It is held by the Coast Salish that the Creator made the world and all its creatures. He also made groups of people in four areas of the Lower Mainland, with mystical leaders, known as transformers, from each group. Traveling from village to village the transformers would change people, objects and animals into different forms. One transformer, known as Khaals, arrived at Boundary Bay. The legend of his encounter with the Tsawwassen people is still told today. According to the legend, Tsawwassen Bluff was once an island — a geographical fact.
We are a proud, sea-faring Coast Salish people. For thousands of years, we traveled and fished the waterways of the southern Strait of Georgia and lower Fraser River, visiting all Canadian and U.S. Gulf Islands.
Traditional Tsawwassen territory is bordered on the northeast by the watersheds that feed into Pitt Lake, down Pitt River to Pitt Meadows where they empty into the Fraser River. It includes Burns Bog and part of New Westminster, following the outflow of the river just south of Sea Island. From Sea Island it cuts across the Strait to Galiano Island and includes all of Saltspring, Pender and Saturna islands. From there, the territory continues northeast to include the Point Roberts peninsula, and the watersheds of the Serpentine and Nicomekl Rivers. We have never surrendered this territory.
In earlier times, we organized ourselves in extended families living together in one longhouse. Inside, each family, including grandparents and other relatives, had its own designated space. In summer, our ancestors lived in temporary homes, built with poles and woven cedar mats. People traveled about our territory in cedar canoes.
The Tsawwassen people did not construct large totem poles, carving instead decorative house posts, spindle whorls as well as masks, decorated tools and many other objects of art. Clothing was woven from material such as cedar bark and goat hair.
Our ancestors were accomplished fishers, and salmon and sturgeon were mainstays of our traditional diet. Different methods were used to catch sturgeon: tidal traps, gaff-hooking, sack-netting and harpooning. All kinds of clams, oysters, crabs and other shellfish were harvested along the foreshore. Stewardship was closely linked to harvesting; an example of that was the First Salmon ceremony, when the salmon returned every year. The salmon, it was believed, were supernatural beings, who came every year to give their flesh to the people who were obliged to treat them properly. The salmon were cooked in a special way and their bones carefully returned to water in a sacred ritual. This ceremony is still carried out today.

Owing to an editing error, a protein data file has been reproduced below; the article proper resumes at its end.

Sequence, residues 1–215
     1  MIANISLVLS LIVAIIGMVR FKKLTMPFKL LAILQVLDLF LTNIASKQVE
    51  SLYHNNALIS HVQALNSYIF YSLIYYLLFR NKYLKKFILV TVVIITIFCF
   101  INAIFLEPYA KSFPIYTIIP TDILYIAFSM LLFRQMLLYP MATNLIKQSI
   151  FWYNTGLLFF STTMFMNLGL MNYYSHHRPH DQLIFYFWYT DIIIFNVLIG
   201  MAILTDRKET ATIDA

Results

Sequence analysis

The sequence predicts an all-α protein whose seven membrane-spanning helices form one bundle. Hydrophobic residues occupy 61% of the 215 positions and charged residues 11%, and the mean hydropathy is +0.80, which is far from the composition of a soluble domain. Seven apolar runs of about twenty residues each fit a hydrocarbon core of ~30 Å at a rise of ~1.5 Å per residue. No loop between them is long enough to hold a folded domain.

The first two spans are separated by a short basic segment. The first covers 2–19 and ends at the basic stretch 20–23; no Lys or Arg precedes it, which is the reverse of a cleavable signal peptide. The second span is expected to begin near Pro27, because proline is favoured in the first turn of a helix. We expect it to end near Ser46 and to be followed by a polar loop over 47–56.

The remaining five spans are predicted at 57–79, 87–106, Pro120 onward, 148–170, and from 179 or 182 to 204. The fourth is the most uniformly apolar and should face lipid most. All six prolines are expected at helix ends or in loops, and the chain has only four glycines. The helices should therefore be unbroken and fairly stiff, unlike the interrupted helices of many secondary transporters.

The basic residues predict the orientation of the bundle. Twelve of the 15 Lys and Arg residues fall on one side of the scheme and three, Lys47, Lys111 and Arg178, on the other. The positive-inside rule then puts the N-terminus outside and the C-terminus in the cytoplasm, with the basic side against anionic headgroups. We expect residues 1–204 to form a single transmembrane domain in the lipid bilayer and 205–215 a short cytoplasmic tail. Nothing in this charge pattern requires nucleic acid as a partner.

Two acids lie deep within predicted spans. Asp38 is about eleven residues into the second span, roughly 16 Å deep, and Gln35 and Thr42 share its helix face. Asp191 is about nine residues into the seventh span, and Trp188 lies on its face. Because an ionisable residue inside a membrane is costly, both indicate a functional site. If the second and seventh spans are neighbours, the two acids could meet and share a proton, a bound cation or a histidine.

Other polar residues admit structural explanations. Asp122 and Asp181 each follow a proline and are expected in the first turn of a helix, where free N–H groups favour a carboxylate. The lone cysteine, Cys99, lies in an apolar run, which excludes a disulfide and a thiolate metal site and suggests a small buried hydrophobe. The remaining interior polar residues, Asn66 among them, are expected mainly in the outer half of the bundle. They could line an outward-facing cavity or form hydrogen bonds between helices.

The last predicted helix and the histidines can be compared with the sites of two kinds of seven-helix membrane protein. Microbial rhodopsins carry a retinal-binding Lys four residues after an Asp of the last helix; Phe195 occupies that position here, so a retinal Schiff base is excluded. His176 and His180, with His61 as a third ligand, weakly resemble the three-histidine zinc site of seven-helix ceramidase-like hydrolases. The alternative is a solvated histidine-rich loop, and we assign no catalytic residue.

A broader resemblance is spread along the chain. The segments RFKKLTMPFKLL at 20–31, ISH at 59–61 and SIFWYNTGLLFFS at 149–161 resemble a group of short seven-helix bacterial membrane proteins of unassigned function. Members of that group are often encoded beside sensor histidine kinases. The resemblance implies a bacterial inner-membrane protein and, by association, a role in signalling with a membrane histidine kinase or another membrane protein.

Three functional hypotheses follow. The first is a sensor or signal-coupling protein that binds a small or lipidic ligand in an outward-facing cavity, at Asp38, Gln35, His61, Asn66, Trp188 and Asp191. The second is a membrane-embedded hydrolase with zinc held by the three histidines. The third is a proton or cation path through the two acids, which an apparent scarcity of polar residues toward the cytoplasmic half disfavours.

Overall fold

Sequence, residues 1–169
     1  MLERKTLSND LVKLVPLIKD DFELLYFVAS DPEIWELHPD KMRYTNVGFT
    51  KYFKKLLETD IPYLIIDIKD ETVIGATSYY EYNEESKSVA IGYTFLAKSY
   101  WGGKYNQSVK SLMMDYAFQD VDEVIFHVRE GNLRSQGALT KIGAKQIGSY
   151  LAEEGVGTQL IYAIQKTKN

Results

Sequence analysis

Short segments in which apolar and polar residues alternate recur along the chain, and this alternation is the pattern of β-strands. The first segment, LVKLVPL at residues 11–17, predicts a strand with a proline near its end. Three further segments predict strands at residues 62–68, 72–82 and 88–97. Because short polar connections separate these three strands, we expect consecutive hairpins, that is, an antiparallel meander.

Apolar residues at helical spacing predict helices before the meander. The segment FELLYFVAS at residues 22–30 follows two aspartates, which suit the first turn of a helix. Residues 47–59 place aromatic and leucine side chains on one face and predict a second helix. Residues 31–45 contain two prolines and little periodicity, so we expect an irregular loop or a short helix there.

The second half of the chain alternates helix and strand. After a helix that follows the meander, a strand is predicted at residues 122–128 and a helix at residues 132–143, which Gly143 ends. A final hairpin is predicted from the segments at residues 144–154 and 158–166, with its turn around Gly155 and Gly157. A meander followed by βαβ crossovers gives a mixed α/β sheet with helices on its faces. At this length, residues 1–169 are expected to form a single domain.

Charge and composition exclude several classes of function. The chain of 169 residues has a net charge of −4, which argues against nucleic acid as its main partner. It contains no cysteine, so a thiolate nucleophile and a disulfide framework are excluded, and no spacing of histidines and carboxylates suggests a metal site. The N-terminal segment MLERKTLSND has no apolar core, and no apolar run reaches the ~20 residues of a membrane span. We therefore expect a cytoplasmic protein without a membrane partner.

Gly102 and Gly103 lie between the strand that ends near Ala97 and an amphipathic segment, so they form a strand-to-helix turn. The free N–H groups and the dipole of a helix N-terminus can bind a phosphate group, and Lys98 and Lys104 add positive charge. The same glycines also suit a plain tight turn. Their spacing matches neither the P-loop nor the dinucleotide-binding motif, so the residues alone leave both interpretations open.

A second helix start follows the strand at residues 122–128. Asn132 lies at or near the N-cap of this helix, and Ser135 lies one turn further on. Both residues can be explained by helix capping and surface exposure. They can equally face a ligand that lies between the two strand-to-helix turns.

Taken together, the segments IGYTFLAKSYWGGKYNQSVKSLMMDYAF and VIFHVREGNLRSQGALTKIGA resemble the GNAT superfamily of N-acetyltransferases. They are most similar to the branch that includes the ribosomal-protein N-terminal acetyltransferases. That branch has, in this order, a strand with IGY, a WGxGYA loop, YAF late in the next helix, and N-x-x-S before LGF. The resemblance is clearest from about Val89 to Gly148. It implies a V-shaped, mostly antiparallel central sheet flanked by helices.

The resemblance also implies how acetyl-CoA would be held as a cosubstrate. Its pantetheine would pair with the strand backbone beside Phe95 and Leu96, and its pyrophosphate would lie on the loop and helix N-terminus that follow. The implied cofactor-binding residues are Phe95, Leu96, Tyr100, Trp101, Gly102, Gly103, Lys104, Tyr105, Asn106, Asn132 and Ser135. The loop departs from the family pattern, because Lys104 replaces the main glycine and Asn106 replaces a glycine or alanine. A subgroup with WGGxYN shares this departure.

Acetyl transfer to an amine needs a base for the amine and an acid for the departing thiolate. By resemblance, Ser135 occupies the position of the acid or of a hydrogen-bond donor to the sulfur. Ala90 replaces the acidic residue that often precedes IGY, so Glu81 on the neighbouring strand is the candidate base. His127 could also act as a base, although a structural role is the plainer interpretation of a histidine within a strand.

It is difficult to overestimate the importance of fishing in the lives of our ancestors and our community today. Salmon and many other species of fish were a central part of the diets of all Coast Salish peoples.
Our ancestors used the lands for cultivation to produce food products for themselves and others, for example in the production of camas bulbs, cranberries and medicinal plants.
Our ancestors were skilled hunters, too. Waterfowl — ducks, mallards and loons — as well as sea mammals such as porpoises, seals and sea lions formed part of their diet. The tidal flats at Westham Island and Boundary Bay were a favorite duck-hunting area.
Elk, deer, black bear and beaver were hunted in season, supplementing the regular diet of fish. Deer were caught in nets, with bow and arrow and pitfall traps. Deer-hunting areas included English Bluff, the south side of Lulu Island and the area now known as New Westminster.
Ancient Tsawwassen people greatly relied on western red and yellow cedar, which provided homes, firewood, food, tools for carving and cooking, great ocean-going canoes, clothing and ceremonial gear. Other plants, shells from inter-tidal creatures, bones from land and sea mammals and birds, and skins from bear, deer and elk provided other essential materials.
Food was abundant. A trade and barter system was in place. Specialized services were also exchanged. This resulted in a distinctive craftsmanship that was in existence prior to European contact.
Tsawwassen people participated in potlatches — important cultural events which provided the means for our ancestors to standardize critical information about marriages, deaths, and the ownership of names, songs, dances, and other ceremonial and economic privileges.
We had, and continue to have, laws and systems based on our culture and relationships with our lands and resources. We had, and continue to have, our system of self-government — hereditary institutions that determined our citizenship as well as our economic, cultural and political well-being.
Our colonial reserve, established in 1871, is located on a traditional village site. Here, we fished, hunted and gathered a rich variety of foods. At the onset of winter, our ancestors returned to the cedar longhouses in the winter village and focused on ceremonies exclusive to Coast Salish peoples.
More than 126 species of birds visited Tsawwassen territory last year. Huge flocks of migrating shorebirds, raptors and waterfowl arrive each spring and fall. Thousands of ducks, geese, western sandpipers, dunlin, plovers and many other shorebird species fly south in the fall along the Pacific Flyway, from their breeding grounds in the Arctic tundra to their wintering wetlands in Central and South America, and then make the return journey in the spring. Many of these birds make journeys of over 10,000 kilometers, flying for up to 70 hours (1,000 km) at a time.